Mexican Bakeries Take the Cake

by | Feb 11, 2022 | Mexico | 1 comment

My Past Is Baked in – Bakeries Are Part of My DNA

I should preface this post with a disclaimer about my bakeries past:

My father is a professional baker and has been for almost 35 years. When it comes to sweets, treats, and all things gourmet, I don’t take things lightly.

With my father, I learned how to identify fruits in pastries by looking at the color of the mix. He taught me how to pronounce the pastries from France, Italy, and Mexico. I cut strawberries in the back and assembled cream puff swans more than once in middle school.

Let’s just say I know my way around the floor.

Figuring Out the Bakery Situation in Mexico

Mexican Bakery Products by Dale Hanstad (2021)
Mexican Bakery Products by Dale Hanstad (2021)

When I got to Valle Dorado, Nayarit, Mexico, I was staying in a place I found on Airbnb. My first question to the host was where the big municipal market was. She laughed and referred me to a chain grocery store a block away.

But all I wanted was a bakery (panadería).

At first, I was devastated to find out that bakery culture was teeny-tiny near Puerto Vallarta (compared to other Mexican cities). That was until I put aside my grief and ventured into the baked goods section of the store. I was in awe.

Mexican Bakery at La Mega in Bucerias, Nayarit
By Dale Hanstad

It was the bakery life I remembered nestled into the corner of the supermercadoa national chain at that!

As I got closer, I saw all the old signs. The storefront ladies wearing hair bonnets. The cookies. The pastries. The racks and scales and bread slicer. Just how I remembered. I was hooked.

A Recent Trip to the Mexican Grocery Store

Mexican Bakery at La Mega in Bucerias, Nayarit by Dale Hanstad (2021)
Mexican Bakery at La Mega in Bucerias, Nayarit by Dale Hanstad (2021)

Another confession: I eat a lot more bread than desserts these days.

I was spoiled with pastries and cupcakes as a child; the most decadent items have simply lost their allure.

I do, however, sneak in a galleta now and then (they’re like my dad’s).

Mexican baked goods are not expensive because they are a diet staple, not a luxury item as they are in parts of the USA.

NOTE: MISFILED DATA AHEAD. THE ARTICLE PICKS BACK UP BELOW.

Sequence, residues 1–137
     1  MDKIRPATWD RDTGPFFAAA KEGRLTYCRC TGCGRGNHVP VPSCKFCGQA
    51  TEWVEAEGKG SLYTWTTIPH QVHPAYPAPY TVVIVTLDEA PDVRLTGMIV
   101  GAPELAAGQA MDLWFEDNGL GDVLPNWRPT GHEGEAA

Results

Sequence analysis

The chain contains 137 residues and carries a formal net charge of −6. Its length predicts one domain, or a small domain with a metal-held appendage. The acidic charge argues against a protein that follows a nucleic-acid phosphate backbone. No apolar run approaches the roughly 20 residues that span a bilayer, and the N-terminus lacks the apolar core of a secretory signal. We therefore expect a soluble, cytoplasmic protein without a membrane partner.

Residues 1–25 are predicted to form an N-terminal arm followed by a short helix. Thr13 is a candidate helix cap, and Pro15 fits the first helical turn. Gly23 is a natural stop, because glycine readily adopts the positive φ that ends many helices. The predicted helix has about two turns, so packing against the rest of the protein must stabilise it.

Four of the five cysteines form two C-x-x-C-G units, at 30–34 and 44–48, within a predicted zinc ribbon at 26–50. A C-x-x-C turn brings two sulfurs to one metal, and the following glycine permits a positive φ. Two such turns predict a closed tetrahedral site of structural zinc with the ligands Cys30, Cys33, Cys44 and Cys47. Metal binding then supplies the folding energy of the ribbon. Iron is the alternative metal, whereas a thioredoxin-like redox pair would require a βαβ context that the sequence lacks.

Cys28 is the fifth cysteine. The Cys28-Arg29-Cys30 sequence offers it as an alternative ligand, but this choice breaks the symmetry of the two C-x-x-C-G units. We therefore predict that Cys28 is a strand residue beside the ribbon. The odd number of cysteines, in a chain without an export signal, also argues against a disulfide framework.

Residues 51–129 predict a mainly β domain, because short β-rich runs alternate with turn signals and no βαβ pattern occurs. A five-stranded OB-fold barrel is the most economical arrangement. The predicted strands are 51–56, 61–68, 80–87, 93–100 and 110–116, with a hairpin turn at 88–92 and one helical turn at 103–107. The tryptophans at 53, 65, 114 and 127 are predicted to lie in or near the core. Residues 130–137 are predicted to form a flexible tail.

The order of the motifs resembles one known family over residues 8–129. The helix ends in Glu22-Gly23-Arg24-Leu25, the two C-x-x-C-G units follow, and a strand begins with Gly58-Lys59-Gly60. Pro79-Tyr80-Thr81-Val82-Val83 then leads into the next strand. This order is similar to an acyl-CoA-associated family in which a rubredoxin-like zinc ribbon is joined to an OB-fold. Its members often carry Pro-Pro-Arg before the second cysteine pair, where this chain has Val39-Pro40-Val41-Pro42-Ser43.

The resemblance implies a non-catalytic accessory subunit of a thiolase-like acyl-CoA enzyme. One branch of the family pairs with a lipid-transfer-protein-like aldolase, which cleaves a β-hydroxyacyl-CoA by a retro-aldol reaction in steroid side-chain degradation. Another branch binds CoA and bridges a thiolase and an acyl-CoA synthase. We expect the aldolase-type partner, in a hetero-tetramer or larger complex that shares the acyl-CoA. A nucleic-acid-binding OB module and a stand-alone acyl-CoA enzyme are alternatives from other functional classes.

Here, bakeries are a respected tradition. Cities big and small have those famed places that offer pies, cakes, cookies, donuts and rolls, breads, and baguettes.

Pan at La Mega in Bucerias, Nayarit by Dale Hanstad (2021)
Pan at La Mega in Bucerias, Nayarit by Dale Hanstad (2021)

The prices at the bakery are as good as the food.

Rolls for tortas (Mexican submarine sandwiches) are 5 to 10 pesos each (approximately 0.25 to 0.50 USD).

Pastries are less than 20 pesos (about one American dollar) unless they’re especially gourmet. Grocery store price tags are usually fair in Mexico.

If you’re worried about getting overcharged, you can always ask a local or one of our well-informed TCI-Alliance members for advice.

We’ve got the scoop for you.

How to Choose Pastries at a Mexican Bakery

In Mexico, bakeries have trays and tongs in the front. Put what you want on the tray and bring the tray to the front to pay. Some bakeries only have items behind the counter, but this is less common.

Living the Sweet Life

At the end of the day, I’m thankful that a little part of home is found in a traditional experience that is equally revered by my neighbors.

And as a child of a professional baker, I can say that Mexican bakeries certainly take the cake.

Mexican bakeries are always worth the visit. Have you ever visited a Mexican Bakery? What did you get?

by: Dale Hanstad